in Sermons

Funeral of Joseph C. Koch – 29. October 2011

Pastor Christopher R. Gillespie

Grace Lutheran Church – Dyer, Indiana

29. October 2011

Funeral of Joseph C. Koch



The Lord’s unending blessing be upon you—Marion, aunt Carol, David, Gary, Lisa, Alex, Sydney, Kelli, Garrett, Kristen and Katherine, spouses, friends, neighbors, and fellow believers. I bid you warm greetings from your fellow saints of God at Grace Lutheran Church in Dyer. We mourn the death of your dearly beloved father, grandfather, brother, and friend. We will keep you in our prayers as we too know the pain of death and suffer with you.

In the midst of your grief, I have noticed a common desire. Each one of you desire a sure and certain hope for Joe. You are not unique. Everyone who suffers the loss of a loved one wants to know answers. So, you want to know why Joe suffered. You want to know why God would give life, nurture it, only to rip it away in the end. You want to know what is in store for Joe.

If we look to ourselves, our desires will guide our answers. We might think that Joe suffered after his heart attack and especially these last few years because God was punishing him. We might think that this is all just part of the “circle of life” and has no meaning at all.

We ought to look to the Scriptures for the truth. God’s servant Job underwent great trial and suffering. His family, livelihood, possessions, and even his very health were removed from him. He was brought to the kind of depths of hurt that Joe felt in the end.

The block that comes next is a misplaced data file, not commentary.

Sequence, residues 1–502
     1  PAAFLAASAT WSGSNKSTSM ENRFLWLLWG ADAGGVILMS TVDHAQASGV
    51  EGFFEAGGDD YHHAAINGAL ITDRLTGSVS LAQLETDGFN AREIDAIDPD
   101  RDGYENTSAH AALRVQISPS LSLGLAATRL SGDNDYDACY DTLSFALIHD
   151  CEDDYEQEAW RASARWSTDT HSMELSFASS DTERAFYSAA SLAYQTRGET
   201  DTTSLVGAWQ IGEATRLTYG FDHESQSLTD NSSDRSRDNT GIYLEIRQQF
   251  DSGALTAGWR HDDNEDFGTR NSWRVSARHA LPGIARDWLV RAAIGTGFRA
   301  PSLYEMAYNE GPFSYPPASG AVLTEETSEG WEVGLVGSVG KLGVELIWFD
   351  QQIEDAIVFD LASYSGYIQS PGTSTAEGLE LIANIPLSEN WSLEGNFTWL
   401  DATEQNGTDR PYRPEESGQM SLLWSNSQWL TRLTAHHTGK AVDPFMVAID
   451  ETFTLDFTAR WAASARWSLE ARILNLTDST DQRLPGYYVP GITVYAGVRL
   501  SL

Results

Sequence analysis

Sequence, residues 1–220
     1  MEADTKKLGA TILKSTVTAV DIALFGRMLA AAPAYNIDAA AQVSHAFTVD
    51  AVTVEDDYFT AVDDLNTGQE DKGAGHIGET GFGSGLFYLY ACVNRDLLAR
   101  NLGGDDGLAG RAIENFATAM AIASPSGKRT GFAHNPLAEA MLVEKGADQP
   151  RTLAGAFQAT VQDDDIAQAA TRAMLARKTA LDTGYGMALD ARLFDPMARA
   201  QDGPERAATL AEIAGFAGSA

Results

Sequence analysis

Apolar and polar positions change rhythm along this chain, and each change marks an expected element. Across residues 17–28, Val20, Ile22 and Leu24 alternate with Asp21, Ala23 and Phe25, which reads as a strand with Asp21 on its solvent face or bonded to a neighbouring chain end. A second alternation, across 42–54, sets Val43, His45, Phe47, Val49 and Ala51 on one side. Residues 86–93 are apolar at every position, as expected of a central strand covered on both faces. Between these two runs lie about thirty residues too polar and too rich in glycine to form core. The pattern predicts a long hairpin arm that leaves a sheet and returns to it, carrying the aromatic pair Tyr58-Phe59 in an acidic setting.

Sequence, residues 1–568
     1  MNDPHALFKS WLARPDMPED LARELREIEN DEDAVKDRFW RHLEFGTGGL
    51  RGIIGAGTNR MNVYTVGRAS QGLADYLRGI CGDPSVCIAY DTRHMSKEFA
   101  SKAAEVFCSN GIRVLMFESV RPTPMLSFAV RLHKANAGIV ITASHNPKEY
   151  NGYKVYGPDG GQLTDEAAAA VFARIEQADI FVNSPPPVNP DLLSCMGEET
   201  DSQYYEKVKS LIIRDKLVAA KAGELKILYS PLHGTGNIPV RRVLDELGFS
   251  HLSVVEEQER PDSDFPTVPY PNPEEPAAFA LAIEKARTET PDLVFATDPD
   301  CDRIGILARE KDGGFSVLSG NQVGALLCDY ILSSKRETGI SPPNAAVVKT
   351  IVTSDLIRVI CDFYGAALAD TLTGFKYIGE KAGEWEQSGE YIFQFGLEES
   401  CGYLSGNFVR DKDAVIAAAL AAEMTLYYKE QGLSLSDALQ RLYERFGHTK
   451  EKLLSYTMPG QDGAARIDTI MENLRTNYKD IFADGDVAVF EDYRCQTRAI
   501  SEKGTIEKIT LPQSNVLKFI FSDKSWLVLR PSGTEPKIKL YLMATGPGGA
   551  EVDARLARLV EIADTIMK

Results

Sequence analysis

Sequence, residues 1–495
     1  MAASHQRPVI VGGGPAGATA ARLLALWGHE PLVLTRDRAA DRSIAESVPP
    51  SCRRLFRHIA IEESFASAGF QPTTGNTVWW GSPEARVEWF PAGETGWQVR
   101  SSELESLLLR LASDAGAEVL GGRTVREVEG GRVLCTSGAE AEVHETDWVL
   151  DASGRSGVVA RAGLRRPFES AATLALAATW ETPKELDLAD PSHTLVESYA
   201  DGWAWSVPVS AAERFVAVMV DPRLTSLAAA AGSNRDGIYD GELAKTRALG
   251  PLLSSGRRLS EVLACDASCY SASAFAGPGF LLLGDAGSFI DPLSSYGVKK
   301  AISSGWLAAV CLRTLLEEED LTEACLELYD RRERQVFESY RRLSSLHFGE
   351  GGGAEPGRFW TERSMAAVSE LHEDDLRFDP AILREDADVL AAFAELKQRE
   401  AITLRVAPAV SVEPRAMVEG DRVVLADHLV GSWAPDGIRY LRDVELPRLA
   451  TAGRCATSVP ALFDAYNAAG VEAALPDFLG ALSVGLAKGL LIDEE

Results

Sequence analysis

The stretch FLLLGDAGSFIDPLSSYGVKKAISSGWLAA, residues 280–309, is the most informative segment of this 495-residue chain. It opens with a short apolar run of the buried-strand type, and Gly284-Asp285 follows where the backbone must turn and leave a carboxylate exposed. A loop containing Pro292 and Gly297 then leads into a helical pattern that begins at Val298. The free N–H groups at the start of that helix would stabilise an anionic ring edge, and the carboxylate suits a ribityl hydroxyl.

This hurt, this suffering was given to him. God allowed even the wicked Devil to torment him day and night. Why? Why cause such grief and sorrow? Why suffer to the end?

It is not simply punishment. No, Joe suffered not to destroy his faith but to strengthen it. God desired Joe to return to His baptism, to trust in God’s mercy alone, to confess the one name of Jesus by which all must be saved. St Paul says: we rejoice in hope of the glory of God. Not only that, but we rejoice in our sufferings, knowing that suffering produces endurance, and endurance produces character, and character produces hope, and hope does not put us to shame, because God’s love has been poured into our hearts through the Holy Spirit who has been given to us (Romans 5:3ff).

I pray that Joe’s suffering and your grief now will bring you not to hope in yourselves, in your own strength, in your own good works. No, I pray that your hope is like patriarch Job’s. Job utterly despaired of himself. Instead, he put his entire hope in the Redeemer who lives. Even after my skin has been thus destroyed, yet in my flesh I shall see God, whom I shall see for myself.

There is only one way you can be absolutely sure and certain that you are saved and will inherit the life eternal. St. Peter says: believe and be baptized and you will be saved. Or as we say in the Creed: I believe in the Holy Spirit, the holy catholic church, the communion of saints, the forgiveness of sins, the resurrection of the body, and the life everlasting.